There are two more important connections between the JEP that Georgetown adopted back in 2005 and the policies Harris County voted to adopt in 2019.

First, these policies demonstrate the economic and political power that an anchor institution – like a university or a county government – can have on the lives of working people. Big, place-based organizations that are among the largest employers and purchasers of goods and services in a region wield an enormous amount of influence. The Georgetown and Harris County policies demonstrate how an anchor institution can set standards for not only its own direct employees but for all of the many subcontracted workers on a university campus or a county construction site. When anchor institutions makes a policy to only do business with other entities that pay their workers a living wage and provide safe working conditions – and when they write these requirements into contract language with service providers – it has a ripple effect. An anchor institution’s direct employees and subcontracted workers immediately reap the benefits of these workers’ rights policies, but even workers who do not have a direct connection to university or county work may see improvements in pay and safety on their worksites as their employers raise wages to retain their workforce and adopt new business norms.

Second, Georgetown and Harris County’s policies demonstrate the possibility for labor and community groups to leverage an institution’s power to help workers. Institutions do not naturally start out by centering the needs of workers or vulnerable communities.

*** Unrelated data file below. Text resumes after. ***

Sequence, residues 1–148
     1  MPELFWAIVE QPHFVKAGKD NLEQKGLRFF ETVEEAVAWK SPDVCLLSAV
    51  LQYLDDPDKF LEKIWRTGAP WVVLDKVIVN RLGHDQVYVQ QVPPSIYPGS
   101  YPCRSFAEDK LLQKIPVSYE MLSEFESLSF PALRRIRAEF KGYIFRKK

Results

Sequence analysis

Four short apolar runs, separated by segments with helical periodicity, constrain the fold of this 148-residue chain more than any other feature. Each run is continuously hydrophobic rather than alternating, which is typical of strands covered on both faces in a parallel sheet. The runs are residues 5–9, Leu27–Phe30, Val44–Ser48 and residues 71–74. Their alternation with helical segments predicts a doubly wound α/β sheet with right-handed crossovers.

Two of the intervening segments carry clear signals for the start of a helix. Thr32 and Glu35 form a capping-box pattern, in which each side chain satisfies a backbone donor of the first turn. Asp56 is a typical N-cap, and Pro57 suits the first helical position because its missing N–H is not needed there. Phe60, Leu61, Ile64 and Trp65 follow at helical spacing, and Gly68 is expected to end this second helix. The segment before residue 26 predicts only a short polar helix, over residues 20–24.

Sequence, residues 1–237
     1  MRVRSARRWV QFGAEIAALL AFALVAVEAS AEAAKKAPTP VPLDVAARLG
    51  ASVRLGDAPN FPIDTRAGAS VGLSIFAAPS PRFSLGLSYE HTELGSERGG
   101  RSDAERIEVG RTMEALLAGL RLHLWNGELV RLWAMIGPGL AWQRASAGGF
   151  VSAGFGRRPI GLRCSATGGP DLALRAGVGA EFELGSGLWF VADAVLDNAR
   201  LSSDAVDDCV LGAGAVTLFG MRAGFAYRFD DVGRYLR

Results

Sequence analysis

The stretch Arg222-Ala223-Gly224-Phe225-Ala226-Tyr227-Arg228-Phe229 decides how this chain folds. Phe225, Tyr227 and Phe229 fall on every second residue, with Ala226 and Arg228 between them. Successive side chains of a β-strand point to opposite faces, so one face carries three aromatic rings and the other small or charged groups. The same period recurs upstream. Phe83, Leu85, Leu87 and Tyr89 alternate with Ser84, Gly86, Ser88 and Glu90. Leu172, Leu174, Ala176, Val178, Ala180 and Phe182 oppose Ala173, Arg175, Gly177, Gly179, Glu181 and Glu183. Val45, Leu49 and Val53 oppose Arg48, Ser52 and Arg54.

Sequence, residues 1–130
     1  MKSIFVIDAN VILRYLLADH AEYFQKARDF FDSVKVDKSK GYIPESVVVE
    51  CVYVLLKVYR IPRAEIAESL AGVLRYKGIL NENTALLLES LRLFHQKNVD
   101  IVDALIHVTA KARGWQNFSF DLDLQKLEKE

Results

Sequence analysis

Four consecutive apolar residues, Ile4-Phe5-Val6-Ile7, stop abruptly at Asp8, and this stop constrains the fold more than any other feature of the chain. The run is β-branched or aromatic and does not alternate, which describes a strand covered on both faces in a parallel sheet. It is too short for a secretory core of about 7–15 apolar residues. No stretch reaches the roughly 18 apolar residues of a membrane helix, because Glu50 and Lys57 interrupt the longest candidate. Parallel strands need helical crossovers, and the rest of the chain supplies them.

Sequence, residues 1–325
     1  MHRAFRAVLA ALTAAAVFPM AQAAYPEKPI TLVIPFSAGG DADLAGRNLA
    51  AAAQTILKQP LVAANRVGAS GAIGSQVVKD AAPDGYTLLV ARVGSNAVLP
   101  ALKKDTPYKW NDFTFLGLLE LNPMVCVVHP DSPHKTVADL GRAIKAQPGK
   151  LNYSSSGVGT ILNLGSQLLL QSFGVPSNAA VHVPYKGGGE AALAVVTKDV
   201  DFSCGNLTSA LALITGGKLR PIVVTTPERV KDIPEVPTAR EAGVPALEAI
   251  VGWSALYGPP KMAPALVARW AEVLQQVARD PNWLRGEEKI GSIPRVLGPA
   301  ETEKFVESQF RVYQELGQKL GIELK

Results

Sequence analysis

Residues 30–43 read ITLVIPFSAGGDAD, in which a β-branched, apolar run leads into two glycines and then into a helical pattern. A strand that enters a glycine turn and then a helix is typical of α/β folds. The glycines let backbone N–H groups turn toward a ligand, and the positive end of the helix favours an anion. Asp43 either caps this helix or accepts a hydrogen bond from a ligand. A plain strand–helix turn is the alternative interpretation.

But when labor, community groups, and the people directly affected by workplace injustice organize together, they can move these powerful institutions to support economic justice, such as setting wage floors in line with living wage rates for the area and requiring safety training for vulnerable worker populations.

Georgetown’s JEP exists in large part because students and workers organized the university into adopting it, and the JEP has provided those communities the chance to win other victories on behalf of workers. In Harris County, it was the organizing efforts of worker centers, unions, and community groups that paved the way for a more expansive set of standards and protections at the County level.

As we continue to organize together in Houston, we hope these Harris County policies will be the foundation for many more worker victories to come, so that workers like Maynor can have a better chance at a safe and fair job. But even as we celebrate what has been accomplished in Harris County, we know that simply enacting a progressive policy is not enough. As has been the case at Georgetown, we know that without robust and independent monitoring and enforcement, the county’s new labor standards and workforce protections will be empty promises to working communities, and many workers outside of Harris County’s construction projects are still not covered by these policies.

Maynor summed this up best when he was interviewed about the policy victory the day after the vote at Commissioners Court: “It’s going to make a great impact on the families of construction workers, [but] these standards need to be fulfilled so they are more than just words.”

Nick Wertsch served as KI’s Organizing Director until May 2018. He now works as a staff attorney with the Worker Defense Project in Houston.